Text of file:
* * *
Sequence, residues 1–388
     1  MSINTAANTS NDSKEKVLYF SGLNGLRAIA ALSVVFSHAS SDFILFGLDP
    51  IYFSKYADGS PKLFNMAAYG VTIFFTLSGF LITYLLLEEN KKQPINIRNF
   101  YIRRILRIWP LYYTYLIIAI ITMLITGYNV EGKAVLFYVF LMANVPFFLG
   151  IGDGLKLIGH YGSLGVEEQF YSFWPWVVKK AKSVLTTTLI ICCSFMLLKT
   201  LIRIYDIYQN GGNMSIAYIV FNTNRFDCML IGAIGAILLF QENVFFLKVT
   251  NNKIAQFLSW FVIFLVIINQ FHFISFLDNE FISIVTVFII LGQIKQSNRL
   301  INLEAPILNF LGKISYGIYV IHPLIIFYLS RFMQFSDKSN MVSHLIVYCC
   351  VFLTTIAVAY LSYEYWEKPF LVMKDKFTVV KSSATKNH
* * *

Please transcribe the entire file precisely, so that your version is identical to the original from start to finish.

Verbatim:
Sequence, residues 1–388
     1  MSINTAANTS NDSKEKVLYF SGLNGLRAIA ALSVVFSHAS SDFILFGLDP
    51  IYFSKYADGS PKLFNMAAYG VTIFFTLSGF LITYLLLEEN KKQPINIRNF
   101  YIRRILRIWP LYYTYLIIAI ITMLITGYNV EGKAVLFYVF LMANVPFFLG
   151  IGDGLKLIGH YGSLGVEEQF YSFWPWVVKK AKSVLTTTLI ICCSFMLLKT
   201  LIRIYDIYQN GGNMSIAYIV FNTNRFDCML IGAIGAILLF QENVFFLKVT
   251  NNKIAQFLSW FVIFLVIINQ FHFISFLDNE FISIVTVFII LGQIKQSNRL
   301  INLEAPILNF LGKISYGIYV IHPLIIFYLS RFMQFSDKSN MVSHLIVYCC
   351  VFLTTIAVAY LSYEYWEKPF LVMKDKFTVV KSSATKNH